In 2004, Mark Woolley and music promoter Chris Monlux purchased the historic Hibernian Hall at 128 NE Russell, a neglected fraternal hall built in 1914 by the Irish which had in later decades housed the Grace Collins Community Center. Their dream was to turn it into a combined use venue: performance space for 800, gallery, and restaurant. They brought in a third partner, Howie Bierbaum, who served as GM for three years until he became the current tour manager for the wildly popular Pink Martini group. Today, the building, the WONDER BALLROOM, is on the National Register of Historic Places and is a local Historic Landmark. It has been beautifully restored and begun a renaissance in the Eliot Neighborhood that continues to this day. Woolley operated a spacious gallery below the ballroom with movable walls facing a bamboo courtyard concurrently with his Pearl District space in NW for almost two years. The space was dividing with the elegant Guestroom Gallery run by Marilyn Murdoch, an art world veteran who had also run Katayama Framing for many years. The openings were packed, but during regular business hours there was not a lot of foot traffic as there were no other galleries in the immediate area. Woolley tried to remedy this with "The Groove Bomb," a lively full size bus that brought gallery goers to and from the NE neighborhood and the Pearl and Old Town galleries for about six months.
In the summer of 2007, Woolley was approached by longtime Portland art dealer and print specialist Bob Kochs of AUGEN Gallery and was asked if he would consider occupying the space at 817 SW 2nd downtown being vacated by Charles Froelick, who was moving his gallery into the new DeSoto complex in NW Portland. Woolley, who had given up his Pearl space due to a huge rent increase, jumped at having a street level space in the downtown core for the first time and moved his gallery yet again. The September 2007 opening was christened by a lively evening of performances, highlighted by the entire March Fourth Marching Band, which serenaded the hundreds of guests just outside the gallery doors. During the next 21 months, he adapted his shows to the long, narrow space which wasn't as well suited to the large gatherings and events of the prior years. In June of 2009, during the severe economic downturn that had begun the autumn before, with most of the veteran Portland galleries having migrated to the very area of The Pearl which Woolley had helped pioneer many years before. Woolley decided to close his storefront space and "go mobile" with his curation. In the intervening years, he had mounted shows in a wide variety of spaces and galleries around town. A seminal, photographic "Portrait" show of luminaries honoring the late Portland Art Museum photo curator Terry Toedtemeier at Worksound in SE, a number of shows at the former ANKA Gallery in Old Town, including a traveling movie poster show from the Warhol Museum in Pittsburgh and a centennial show for Pacific NW College of Art). Two involved installation shows by Stephen Scott Smith at Breeze Block Galleryin Old Town. And a five month run as curator for PRESENTspace in the Pearl District, among other curation gigs at Aalto Lounge, serving as a juror for Portland Open Studios, and procuring art for a variety of causes, such as the Quest Center for health and other groups. In between, Woolley has been able to travel (Venice Biennale, Croatia, Scandinavia, Brazil, New York, Burning Man), do some writing and engage in some private art dealing and consulting.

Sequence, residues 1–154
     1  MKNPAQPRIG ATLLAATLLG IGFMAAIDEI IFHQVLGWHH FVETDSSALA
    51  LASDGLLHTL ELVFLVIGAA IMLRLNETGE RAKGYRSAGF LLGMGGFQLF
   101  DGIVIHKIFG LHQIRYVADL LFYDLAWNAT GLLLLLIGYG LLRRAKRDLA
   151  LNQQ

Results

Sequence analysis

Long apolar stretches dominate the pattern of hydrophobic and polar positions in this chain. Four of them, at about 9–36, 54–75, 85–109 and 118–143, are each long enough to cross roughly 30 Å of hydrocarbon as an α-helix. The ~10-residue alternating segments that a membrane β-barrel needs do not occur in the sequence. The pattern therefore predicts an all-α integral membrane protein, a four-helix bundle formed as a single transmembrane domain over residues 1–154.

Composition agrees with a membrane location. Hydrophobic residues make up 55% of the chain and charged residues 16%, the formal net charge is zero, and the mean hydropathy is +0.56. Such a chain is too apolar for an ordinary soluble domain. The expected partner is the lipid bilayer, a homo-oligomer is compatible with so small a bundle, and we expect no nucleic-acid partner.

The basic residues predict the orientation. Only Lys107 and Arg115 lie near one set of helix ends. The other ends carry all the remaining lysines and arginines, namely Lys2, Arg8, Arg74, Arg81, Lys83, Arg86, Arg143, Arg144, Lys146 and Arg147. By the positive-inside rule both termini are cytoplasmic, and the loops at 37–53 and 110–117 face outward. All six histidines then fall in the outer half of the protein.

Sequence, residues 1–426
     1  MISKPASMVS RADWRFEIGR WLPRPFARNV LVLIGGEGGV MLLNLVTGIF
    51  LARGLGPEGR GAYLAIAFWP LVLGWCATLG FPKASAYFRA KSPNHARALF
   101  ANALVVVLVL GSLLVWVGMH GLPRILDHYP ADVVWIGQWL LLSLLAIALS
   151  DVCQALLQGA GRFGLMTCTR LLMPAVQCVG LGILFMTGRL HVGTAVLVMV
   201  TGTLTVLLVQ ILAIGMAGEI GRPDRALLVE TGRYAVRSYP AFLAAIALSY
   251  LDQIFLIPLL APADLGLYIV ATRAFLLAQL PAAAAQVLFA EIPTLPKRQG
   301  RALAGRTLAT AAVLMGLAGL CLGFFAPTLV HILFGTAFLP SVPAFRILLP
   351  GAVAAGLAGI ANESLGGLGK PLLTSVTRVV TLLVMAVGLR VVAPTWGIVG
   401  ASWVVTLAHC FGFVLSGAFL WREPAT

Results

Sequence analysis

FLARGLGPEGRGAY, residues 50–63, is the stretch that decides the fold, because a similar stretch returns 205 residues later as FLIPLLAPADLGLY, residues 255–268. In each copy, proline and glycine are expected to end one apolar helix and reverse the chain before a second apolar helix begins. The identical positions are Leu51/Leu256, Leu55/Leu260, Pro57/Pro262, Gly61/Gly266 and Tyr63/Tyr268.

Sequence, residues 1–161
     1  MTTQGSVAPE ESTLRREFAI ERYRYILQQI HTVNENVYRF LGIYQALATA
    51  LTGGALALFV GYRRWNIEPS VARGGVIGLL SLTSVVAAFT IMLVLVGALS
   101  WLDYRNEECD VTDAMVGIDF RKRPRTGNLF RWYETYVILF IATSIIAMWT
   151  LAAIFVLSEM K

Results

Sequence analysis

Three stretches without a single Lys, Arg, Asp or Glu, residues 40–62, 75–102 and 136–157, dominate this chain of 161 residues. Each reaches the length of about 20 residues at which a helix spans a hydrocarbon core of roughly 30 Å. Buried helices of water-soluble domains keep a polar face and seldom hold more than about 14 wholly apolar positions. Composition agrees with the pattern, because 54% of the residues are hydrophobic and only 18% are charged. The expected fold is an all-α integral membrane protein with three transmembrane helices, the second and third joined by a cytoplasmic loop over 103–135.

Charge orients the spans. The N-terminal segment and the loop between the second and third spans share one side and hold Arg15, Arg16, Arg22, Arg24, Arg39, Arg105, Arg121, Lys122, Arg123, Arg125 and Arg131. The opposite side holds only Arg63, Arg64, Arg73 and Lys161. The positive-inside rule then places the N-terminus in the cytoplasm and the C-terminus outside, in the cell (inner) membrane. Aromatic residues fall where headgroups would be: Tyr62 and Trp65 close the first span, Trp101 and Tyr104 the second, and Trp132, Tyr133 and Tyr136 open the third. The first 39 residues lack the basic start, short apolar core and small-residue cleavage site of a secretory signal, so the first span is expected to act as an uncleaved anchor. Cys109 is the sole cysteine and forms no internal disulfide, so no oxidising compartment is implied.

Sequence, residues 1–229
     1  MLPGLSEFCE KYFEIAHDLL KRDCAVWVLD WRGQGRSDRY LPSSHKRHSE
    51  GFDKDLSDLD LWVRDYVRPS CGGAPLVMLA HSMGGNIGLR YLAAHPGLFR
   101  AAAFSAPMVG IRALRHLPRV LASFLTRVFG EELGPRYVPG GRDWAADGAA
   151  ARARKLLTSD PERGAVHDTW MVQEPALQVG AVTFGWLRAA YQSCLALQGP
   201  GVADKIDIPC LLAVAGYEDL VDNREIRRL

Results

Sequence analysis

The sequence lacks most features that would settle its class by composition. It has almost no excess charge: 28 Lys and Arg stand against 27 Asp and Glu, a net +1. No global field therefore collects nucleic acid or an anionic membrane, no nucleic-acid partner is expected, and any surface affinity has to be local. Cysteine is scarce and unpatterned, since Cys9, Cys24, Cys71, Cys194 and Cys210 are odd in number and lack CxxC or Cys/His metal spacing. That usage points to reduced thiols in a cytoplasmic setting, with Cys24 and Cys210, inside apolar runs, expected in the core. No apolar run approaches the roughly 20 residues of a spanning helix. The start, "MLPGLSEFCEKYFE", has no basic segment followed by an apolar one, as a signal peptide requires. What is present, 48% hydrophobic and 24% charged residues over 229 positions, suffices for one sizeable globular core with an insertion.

In the winter of 2011-2012, Woolley was approached by independent curator and artist Chris Haberman to see if he would be interested in opening up another space as part of The Settlement galleries on the third level of Pioneer Place, (Atrium Building) in downtown Portland. As the financial terms were attractive due to vacancies in the overall complex and because there had been three galleries combining their efforts for over a year with monthly "Third Saturday" openings and other events, Woolley accepted. The space was christened with a bang: "SIMPLY RED (2)", a group show of over 100 artists exploring the color of passion and revolution. So, the adventure continues....
"The function of artists is to set things in motion once again." -Karel Appel
"Art means to dare and to have been right." -Ned Rorem